When God makes a covenant with man, it is a gracious act on his part. It is not a negotiated contract whereby we haggle and try to get God to do something that we want. God is God and he does whatever he pleases (Ecclesiastes 8:3; Psalm 115:3). When God makes a covenant, he takes the initiative and promises blessing if we will fulfill the terms of the covenant.

The covenant that God made with Israel would eventually be called the Old Covenant. In speaking of the Jews, Paul says,

2 Corinthians 3:14 NLT …to this day whenever the old covenant is being read, the same veil covers their minds so they cannot understand the truth. And this veil can be removed only by believing in Christ.

So the covenant of the Law that God made with Israel is called the Old Covenant. And if the covenant of the Law is the Old Covenant, there must be a New Covenant. There is a New Covenant and that New Covenant was announced under the Old Covenant in the Old Testament, more than 600 years before the coming of Christ. We read in Jeremiah,

Jeremiah 31:31-34 NLT “The day is coming,” says the LORD, “when I will make a new covenant with the people of Israel and Judah. 32 This covenant will not be like the one I made with their ancestors when I took them by the hand and brought them out of the land of Egypt. They broke that covenant, though I loved them as a husband loves his wife,” says the LORD. 33 “But this is the new covenant I will make with the people of Israel on that day,” says the LORD. “I will put my instructions deep within them, and I will write them on their hearts. I will be their God, and they will be my people. 34 And they will not need to teach their neighbors, nor will they need to teach their relatives, saying, ‘You should know the LORD.’ For everyone, from the least to the greatest, will know me already,” says the LORD. “And I will forgive their wickedness, and I will never again remember their sins.”

So we see the great difference between the Old and New Covenants. God says, “This covenant will not be like the one I made with their ancestors.” The Old Covenant was the Law. It was external. It was written on tablets of stone. In all, there were 613 rules that they had to follow. Six hundred thirteen! Most people could not tell you what the 10 commandments were, much less the 613 rules of the Old Covenant.

God says that the New Covenant would not be like the Old Covenant. It would not be external. It would not be outside of man. It would not be written stone tablets. Rather, God would write His instructions on our hearts:

Jeremiah 31:33 ESV For this is the covenant that I will make with the house of Israel after those days, declares the LORD: I will put my law within them, and I will write it on their hearts. And I will be their God, and they shall be my people.

So God’s instructions would not be on the outside of man; they would be on the inside. God would write his instructions on the heart.

The prophet Ezekiel describes the newness that comes with the New Covenant:

Ezekiel 36:25-27 ESV I will sprinkle clean water on you, and you shall be clean from all your uncleannesses, and from all your idols I will cleanse you. 26 And I will give you a new heart, and a new spirit I will put within you. And I will remove the heart of stone from your flesh and give you a heart of flesh. 27 And I will put my Spirit within you, and cause you to walk in my statutes and be careful to obey my rules.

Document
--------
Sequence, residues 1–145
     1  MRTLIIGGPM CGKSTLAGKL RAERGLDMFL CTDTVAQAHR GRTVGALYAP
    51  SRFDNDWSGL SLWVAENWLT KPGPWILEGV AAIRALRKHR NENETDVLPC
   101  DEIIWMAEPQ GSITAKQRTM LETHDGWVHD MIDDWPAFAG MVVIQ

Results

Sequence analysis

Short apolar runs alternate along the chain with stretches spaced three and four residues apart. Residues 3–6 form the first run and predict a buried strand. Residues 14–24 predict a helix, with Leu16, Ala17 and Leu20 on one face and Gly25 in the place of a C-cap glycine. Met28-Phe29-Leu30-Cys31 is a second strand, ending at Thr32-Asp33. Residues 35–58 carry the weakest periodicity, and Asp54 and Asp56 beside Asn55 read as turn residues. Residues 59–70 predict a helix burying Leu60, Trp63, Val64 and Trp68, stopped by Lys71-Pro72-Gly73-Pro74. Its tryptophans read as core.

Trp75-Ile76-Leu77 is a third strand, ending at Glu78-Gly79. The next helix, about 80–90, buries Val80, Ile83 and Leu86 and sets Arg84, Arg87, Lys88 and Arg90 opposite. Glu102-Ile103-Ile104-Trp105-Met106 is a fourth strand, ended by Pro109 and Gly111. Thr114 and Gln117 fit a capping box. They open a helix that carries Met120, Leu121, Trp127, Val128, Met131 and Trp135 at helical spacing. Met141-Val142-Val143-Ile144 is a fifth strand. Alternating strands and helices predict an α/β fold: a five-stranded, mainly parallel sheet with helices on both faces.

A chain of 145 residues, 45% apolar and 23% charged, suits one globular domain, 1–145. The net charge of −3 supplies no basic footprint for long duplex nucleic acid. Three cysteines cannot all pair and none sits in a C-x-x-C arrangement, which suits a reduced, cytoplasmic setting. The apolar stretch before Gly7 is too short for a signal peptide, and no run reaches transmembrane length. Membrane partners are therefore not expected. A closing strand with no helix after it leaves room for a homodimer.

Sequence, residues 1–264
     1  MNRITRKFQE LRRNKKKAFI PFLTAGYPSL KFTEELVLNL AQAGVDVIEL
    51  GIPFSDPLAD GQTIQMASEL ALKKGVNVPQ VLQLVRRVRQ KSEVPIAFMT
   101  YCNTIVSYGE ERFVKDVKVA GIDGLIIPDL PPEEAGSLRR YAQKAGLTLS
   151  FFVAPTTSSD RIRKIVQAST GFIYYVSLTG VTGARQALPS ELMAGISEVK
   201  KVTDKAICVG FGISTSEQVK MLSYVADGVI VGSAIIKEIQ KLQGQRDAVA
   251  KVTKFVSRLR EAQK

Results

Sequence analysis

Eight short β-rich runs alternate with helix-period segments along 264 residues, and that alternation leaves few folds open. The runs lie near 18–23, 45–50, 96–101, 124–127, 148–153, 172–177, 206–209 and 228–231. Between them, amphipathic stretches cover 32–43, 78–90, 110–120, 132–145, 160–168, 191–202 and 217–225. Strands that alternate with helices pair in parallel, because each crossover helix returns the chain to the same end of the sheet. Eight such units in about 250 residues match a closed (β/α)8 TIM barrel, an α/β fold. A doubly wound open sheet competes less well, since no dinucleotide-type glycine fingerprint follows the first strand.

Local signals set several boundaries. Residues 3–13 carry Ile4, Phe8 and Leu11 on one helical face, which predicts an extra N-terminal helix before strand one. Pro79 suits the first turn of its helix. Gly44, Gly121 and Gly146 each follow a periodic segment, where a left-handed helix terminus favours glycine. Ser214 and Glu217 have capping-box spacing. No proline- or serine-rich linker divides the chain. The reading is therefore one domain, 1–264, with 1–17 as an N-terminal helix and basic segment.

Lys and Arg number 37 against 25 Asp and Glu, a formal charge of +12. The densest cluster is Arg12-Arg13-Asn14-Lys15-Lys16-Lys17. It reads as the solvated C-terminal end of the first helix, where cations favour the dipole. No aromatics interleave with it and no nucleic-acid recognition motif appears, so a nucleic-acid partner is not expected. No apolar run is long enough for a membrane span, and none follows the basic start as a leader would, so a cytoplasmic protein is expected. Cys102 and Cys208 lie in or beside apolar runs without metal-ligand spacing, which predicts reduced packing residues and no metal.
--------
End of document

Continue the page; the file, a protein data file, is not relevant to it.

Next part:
This new heart and new Spirit is the new birth that Jesus talked about in John 3. Jesus describes it as being born of water and the Spirit. The water represents the cleansing from sin and uncleanness that Ezekiel describes: “I will sprinkle clean water on you… I will cleanse you.”

Ezekiel also tells us that this New Covenant would include a new heart and a new spirit. In fact, God would put His Spirit in us: “I will put my Spirit within you…” This is what it means to be born of the Spirit. This is the new birth, being born of water and the Spirit, being cleansed of sin and made alive unto God. This is the new birth that is necessary to enter the kingdom of God.

That was the promise of a New Covenant that God gave through the prophets Jeremiah and Ezekiel as the Israelites were about to be carried off into the Babylonian Captivity because they had broken the Old Covenant that God had made with them. As they had broken the Old Covenant, God promised the New Covenant.

Fast forward more than 600 years to the night before the crucifixion. Jesus and his disciples are gathered together in the upper room to celebrate the Passover meal. Jesus takes bread, gives thanks, and gave it to his disciples, saying, “This is my body, which is given for you. Do this in remembrance of me” (Luke 22:19). Then he takes the cup, saying, “This cup is the New Covenant in my blood. Do this, as often as you drink it, in remembrance of me” (Luke 22:20; 1 Corinthians 11:25).

“This cup is the New Covenant in my blood,” he said.

Every time we come to the Lord’s Supper, Holy Communion, we celebrate the New Covenant.

The writer of Hebrews gives a remarkable commentary on the Old Covenant comparing it with the New Covenant of Jeremiah’s prophecy. In Hebrews 8:6f, we read that Jesus,

Hebrews 8:6-13 NLT …mediates for us a far better covenant with God, based on better promises. 7 If the first covenant had been faultless, there would have been no need for a second covenant to replace it. 8 But when God found fault with the people, he said: “The day is coming, says the LORD, when I will make a new covenant with the people of Israel and Judah. 9 This covenant will not be like the one I made with their ancestors when I took them by the hand and led them out of the land of Egypt. They did not remain faithful to my covenant, so I turned my back on them, says the LORD. 10 But this is the new covenant I will make with the people of Israel on that day, says the LORD: I will put my laws in their minds, and I will write them on their hearts. I will be their God, and they will be my people. 11 And they will not need to teach their neighbors, nor will they need to teach their relatives, saying, ‘You should know the LORD.’ For everyone, from the least to the greatest, will know me already. 12 And I will forgive their wickedness, and I will never again remember their sins.”